The consultancy firm that ironed out sexual harassment policy for the Australian Navy will run the ruler over residential colleges at the Australian National University.
Nous Group, based in Canberra, won the tender to conduct the review for the university, in response to recommendations from a 2017 Australian Human Rights Commission report which named the ANU as among the worst universities in the nation for sexual violence.
College traditions including hazing, would be closely examined for their role in sexual assault and harassment, Pro Vice-Chancellor of university experience Professor Richard Baker said, as would a "worrying" culture of binge drinking.
While an earlier audit of the university's policies on sexual harassment and assault was criticised for not consulting with survivors, Professor Baker said this time around the ANU would be listening closely to students.
Training of residency staff and student leaders, along with levels of supervision and support in a 24 hour residential setting, would also be considered during the six-month-long review.
ANU Vice-Chancellor Professor Brian Schmidt put colleges "on notice" after the release of the 2017 survey, warning they could have their affiliation with the university revoked if they opted out of the review.
The sector-wide report found residencies were spaces of particular danger and detailed hazing rituals at some Australian university colleges including a "run the gauntlet" challenge, in which female students made their way down a corridor drinking from cask wine kept in the trousers of male residents.
Professor Schmidt said the review would be guided by advice from an expert panel, including the ACT's chief police officer Justine Saunders, and retired Vice Admiral Russell Crane who has a long history working on sexual misconduct in institutional settings.
“[It] will explore the culture within individual residences – both ANU owned and managed and affiliated residences- and...how [they] respond to reports of sexual assault and sexual harassment," Professor Schmidt said.
Details of how the review will work are still being ironed out, but are expected to include both focus groups and student surveys. Input would also be sought from students who had graduated up to five years ago.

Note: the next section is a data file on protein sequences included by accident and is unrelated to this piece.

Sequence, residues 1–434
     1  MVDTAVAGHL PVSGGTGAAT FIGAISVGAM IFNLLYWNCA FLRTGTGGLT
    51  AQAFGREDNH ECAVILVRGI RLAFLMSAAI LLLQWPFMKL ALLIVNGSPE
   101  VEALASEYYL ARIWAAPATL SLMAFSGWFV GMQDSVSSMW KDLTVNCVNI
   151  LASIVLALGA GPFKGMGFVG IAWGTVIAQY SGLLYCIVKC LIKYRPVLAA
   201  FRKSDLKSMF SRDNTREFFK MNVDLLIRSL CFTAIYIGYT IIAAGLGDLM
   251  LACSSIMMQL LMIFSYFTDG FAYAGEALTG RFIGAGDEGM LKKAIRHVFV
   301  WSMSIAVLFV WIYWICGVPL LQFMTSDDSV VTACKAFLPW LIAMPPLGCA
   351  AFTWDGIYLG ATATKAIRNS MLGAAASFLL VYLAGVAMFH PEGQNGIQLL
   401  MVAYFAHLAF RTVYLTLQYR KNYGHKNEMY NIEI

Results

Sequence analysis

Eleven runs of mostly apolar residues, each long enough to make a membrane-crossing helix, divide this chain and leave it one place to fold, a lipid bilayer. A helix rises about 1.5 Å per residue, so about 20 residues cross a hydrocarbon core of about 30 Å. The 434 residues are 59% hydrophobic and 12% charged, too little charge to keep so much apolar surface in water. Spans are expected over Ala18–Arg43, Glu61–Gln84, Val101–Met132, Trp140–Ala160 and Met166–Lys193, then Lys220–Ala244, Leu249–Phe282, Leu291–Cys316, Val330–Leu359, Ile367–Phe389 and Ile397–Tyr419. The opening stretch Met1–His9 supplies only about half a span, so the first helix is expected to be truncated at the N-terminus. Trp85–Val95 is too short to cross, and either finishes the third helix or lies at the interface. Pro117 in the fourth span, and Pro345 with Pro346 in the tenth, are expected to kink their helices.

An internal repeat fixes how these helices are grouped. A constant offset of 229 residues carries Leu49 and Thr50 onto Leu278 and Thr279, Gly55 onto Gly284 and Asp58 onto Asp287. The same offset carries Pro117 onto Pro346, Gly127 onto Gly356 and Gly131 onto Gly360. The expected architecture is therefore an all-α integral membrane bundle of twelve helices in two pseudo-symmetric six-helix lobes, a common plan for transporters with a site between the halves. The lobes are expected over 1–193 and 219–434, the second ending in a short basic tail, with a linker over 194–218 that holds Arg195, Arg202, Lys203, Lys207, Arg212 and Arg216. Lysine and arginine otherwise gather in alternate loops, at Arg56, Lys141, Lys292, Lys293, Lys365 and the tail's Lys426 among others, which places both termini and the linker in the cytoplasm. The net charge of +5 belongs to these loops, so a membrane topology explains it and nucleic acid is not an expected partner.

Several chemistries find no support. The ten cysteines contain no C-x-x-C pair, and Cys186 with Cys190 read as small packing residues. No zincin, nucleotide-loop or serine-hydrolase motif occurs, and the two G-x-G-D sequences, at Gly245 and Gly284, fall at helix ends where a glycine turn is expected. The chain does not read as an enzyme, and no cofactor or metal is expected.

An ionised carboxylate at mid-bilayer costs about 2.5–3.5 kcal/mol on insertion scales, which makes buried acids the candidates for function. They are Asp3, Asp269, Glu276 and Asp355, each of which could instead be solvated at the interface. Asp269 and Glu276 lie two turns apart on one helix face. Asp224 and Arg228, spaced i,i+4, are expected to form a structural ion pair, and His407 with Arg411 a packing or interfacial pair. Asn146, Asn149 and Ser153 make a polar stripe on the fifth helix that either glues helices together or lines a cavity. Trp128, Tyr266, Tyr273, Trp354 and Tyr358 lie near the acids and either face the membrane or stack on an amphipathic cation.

More than twenty per cent of ANU students lived on campus last year, one of the highest rates in the country.
"That's why this review is so important," Professor Baker said. "We want to change the culture."
An audit of counselling services available at the university, including wait times, is also underway. While the review was another recommendation of the commission's report, it had fallen almost six months behind schedule due to changes in health management policy within the university, Professor Baker said.
The ANU has updated its discipline rule to include definitions of sexual assault and harassment, meaning the university can now treat such allegations as misconduct.
But clauses remain barring the ANU from acting upon complaints if a criminal investigation is under way, despite an independent review recommending in September this rule be reconsidered as "a matter of urgency".
Professor Baker said the university had received legal advice that it could not pursue any action once an incident became a police matter.
The ANU has introduced new training for staff and students responding to sexual assault and harassment, and beefed up its counselling services, with a Canberra Rape Crisis Centre staff member now available on campus five days a week.
If you or someone you know is impacted by sexual assault or family violence, call the Canberra Rape Crisis Centre on 02 6247 2525. Nationally, call 1800RESPECT on 1800 737 732. In an emergency contact 000.
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